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Speech of the UBC President Mr Per Bødker Andersen at the European Conference on


Helsinki, 9-10 February 2004.

I guess we all bear in mind the dreadful pictures of sea-birds struggling for their lives, the fishermen looking in despair into an uncertain future, the white beeches washed black with oil and the hundreds of professionals and volunteers working hard to limit damages. Alaska, the Spanish coast and last year the Chinese wreck near Bornholm. The latter not an oil tanker, but oil-spill is a severe threat to nature, wherever it happens and whatever the reason. I am very glad to have this opportunity to thank the Conference of Local and Regional Authorities of the Council of Europe and the Finnish Association of Local and Regional Authorities for organizing to-days important gathering. Focusing on our fragile Baltic Sea also gives the cities an important opportunity to discuss, learn and prepare. I am fully aware, that the overall decisions on standards for oil-tankers or other vessels are not matters for the city councils around the Baltic Sea. Neither questions concerning routes for transportation of different kinds of goods or the question of obligatory use of pilots and the organisation of the necessary measures to be taken in case of incidents.

On the other hand, I represent 102 cities in the countries around our common Baltic Sea, many of which are placed near or directly at the coast. I am sure, You will all understand our interest in being part of the team-work necessary, if worst scenario should occur. The national and international discussion about one hull tankers do interest us as citizens and elected council members with responsibility for the environment. The different plans for actions at sea or on land also are important to us. And we are - of course - prepared to do our duty, where we fit into these action plans. The Union of the Baltic Cities respects the national interests and the international agreements and co-operation. We are - put in another way - not a Foreign Office, and do not act as one. We have another way of working together. We believe, that our citizens have the same interest in good-governance, in social security and in a clean environment independent of their nationality. Therefore we have put up common goals within different areas. One of the absolutely highly prioritized areas is environment. We all know how dependent we are of a clean sea, fresh drinking water, sustainable nature - be it rough or cultivated. Minimizing the use of artificial fertilizers and pesticides, acting according to Agenda 21 plans etc. etc. are important issues of our daily work in the cities. Our interest in participating in common plans in case of pollution from the sea is thus obvious. In order to get the job done well, we need to be prepared. We need good co-operation structures and plans comprising all the central players, and we need to train together. No team could win a game unless they practised together at least once before the game. My strong impression is that plans are generally quite well developed in the Baltic Sea Region countries. However, are we prepared well enough in terms of resources and playing together? Have we trained enough and do we have the ability to mobilise the technical and human resources in due time at the right place? I do have slight doubts. Plans and structures are not enough. In order to make such plans and structures really feasible in practice, more simulation and training involving the local authorities is needed. The Union of the Baltic Cities would be happy to contribute to - or even initiate - such rehearsals. Such rehearsal within countries would certainly be useful. However, as there are nine coastal states in the Baltic Sea, a major oil spill at sea could easily involve several countries. This sets extra challenges to the respond mechanisms. It is not enough that we are able to co-operate between the players within the respective countries. We also need to be able to co-operate across borders, and such cross-border co-operation and preparedness also needs to involve all the players. This kind of cross-border preparedness needs to be improved. The Union of the Baltic Cities has an outstanding experience in cross-border co-operation and building capacities of its member cities in several fields. We will also do our best to contribute to preparing municipalities for the challenges that a major oil spill at sea would impose. At the same time we hope that such preparedness would never be needed in practice. The Baltic Sea is a very unique sea and the Baltic Sea Region is a very special area in Europe. Our sea is a new (almost) inside sea in the European Union and our co-operation within the region is extremely strong on all levels of government as well as within the civic societies. This gives us good opportunities to create effective trans-national mechanisms and plans for reacting to oil spills. It also should give us possibilities to improve the safety of maritime transport and thereby decrease the likelihood of accidents to happen. The Union of the Baltic Cities is actively contributing to this work: 16 ports and port cities are for example at the moment co-operating to create common environmental policies and practices in one of our projects. Let us enhance our efforts within the Baltic Sea Region States, sub-regions and municipalities to tackle this major challenge.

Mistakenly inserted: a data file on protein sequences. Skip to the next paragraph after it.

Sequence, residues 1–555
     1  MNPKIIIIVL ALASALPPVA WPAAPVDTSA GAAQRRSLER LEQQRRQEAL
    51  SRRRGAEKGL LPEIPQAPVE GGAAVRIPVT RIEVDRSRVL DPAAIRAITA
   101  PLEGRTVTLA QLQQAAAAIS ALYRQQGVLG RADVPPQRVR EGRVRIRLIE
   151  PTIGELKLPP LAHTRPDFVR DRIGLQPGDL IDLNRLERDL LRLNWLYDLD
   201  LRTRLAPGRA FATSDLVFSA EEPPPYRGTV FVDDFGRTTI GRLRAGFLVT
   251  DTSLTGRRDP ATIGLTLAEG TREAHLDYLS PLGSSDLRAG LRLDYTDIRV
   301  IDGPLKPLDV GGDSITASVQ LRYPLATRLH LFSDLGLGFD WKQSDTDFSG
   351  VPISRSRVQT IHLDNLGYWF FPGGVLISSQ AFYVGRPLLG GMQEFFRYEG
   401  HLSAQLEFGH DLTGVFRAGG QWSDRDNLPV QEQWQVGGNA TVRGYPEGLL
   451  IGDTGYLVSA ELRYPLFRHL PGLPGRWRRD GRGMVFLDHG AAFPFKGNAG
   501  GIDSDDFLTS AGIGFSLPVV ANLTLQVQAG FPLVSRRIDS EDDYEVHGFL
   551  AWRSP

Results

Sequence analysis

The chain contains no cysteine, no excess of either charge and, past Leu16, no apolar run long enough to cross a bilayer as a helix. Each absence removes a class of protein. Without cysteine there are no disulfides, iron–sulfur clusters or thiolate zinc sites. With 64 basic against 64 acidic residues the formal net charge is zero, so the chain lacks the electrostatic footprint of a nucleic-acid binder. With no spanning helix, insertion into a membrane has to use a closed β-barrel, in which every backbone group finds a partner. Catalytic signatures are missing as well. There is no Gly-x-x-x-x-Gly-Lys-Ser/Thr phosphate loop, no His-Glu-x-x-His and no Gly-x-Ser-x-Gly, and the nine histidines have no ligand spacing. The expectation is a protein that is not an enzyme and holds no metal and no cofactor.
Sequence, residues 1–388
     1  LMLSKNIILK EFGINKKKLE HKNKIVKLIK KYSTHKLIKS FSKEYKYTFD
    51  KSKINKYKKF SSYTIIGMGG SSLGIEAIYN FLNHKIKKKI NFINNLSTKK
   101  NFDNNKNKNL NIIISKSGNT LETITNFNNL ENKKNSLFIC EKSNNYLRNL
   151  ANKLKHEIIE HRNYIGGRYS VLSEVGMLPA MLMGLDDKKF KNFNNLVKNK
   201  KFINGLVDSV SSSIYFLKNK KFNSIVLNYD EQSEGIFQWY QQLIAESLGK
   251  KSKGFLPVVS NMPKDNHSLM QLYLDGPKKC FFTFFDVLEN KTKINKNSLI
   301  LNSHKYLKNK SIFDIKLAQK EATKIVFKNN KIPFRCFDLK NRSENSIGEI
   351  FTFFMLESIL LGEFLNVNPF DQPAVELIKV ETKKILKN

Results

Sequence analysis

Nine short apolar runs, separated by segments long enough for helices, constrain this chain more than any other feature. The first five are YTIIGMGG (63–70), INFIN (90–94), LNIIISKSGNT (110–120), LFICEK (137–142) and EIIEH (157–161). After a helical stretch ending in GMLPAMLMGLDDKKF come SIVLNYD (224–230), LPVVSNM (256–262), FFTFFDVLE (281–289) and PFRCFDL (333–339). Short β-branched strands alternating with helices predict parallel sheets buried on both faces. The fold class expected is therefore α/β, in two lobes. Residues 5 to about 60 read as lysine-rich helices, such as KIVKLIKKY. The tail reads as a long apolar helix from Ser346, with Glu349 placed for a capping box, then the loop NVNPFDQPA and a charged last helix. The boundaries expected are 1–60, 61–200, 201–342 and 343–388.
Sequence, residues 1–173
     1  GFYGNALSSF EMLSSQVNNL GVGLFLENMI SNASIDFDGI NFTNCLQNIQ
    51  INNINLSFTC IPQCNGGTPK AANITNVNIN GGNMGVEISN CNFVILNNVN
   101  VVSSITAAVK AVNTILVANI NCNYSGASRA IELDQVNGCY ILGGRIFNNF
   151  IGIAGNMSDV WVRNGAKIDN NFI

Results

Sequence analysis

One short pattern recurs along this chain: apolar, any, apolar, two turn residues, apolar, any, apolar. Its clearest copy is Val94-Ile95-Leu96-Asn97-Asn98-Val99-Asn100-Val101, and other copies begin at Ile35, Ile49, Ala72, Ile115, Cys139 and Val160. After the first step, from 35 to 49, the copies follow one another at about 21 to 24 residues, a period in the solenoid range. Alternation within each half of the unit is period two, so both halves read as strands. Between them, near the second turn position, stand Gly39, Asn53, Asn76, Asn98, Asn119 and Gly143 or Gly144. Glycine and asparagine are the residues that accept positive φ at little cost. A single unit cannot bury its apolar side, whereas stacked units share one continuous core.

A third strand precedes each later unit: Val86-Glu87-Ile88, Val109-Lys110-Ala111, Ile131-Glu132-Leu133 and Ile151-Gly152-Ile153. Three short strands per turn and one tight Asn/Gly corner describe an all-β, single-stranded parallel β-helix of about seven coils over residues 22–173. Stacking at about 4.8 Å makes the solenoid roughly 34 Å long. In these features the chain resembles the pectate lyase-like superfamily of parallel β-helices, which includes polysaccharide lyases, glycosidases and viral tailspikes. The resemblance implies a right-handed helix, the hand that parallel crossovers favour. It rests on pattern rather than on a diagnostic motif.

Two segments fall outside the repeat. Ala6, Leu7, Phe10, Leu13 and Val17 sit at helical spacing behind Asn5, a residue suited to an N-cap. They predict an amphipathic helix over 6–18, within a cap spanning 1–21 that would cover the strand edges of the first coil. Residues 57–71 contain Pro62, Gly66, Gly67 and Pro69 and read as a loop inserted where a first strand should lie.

And let us hope that our efforts will be a waste of good time and money - that the worst incident will never happen. But let us be prepared.

Thank You for Your attention.


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